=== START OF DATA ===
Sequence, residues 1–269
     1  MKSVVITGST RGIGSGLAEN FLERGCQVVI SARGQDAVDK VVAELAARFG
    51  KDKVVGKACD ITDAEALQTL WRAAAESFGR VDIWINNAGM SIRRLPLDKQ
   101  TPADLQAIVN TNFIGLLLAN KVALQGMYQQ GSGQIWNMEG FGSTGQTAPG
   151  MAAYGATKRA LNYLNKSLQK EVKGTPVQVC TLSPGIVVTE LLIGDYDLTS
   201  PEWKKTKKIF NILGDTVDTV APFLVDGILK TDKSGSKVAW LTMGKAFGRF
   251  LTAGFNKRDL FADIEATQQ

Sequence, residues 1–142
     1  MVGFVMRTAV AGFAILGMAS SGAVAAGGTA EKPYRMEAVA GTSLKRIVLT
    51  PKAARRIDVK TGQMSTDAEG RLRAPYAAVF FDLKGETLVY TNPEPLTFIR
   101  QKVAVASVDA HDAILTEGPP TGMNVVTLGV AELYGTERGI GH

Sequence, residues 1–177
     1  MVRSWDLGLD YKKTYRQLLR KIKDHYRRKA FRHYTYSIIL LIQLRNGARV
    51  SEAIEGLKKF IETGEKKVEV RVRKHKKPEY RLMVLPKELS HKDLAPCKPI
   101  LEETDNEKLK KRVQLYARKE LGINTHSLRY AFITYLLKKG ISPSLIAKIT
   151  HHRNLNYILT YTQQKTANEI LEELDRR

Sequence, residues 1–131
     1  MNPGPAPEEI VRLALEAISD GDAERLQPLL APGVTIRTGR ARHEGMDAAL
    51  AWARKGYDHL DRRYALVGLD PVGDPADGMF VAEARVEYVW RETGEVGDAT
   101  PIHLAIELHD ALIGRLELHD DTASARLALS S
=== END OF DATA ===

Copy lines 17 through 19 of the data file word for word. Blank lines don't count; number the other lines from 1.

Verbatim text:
Sequence, residues 1–131
     1  MNPGPAPEEI VRLALEAISD GDAERLQPLL APGVTIRTGR ARHEGMDAAL
    51  AWARKGYDHL DRRYALVGLD PVGDPADGMF VAEARVEYVW RETGEVGDAT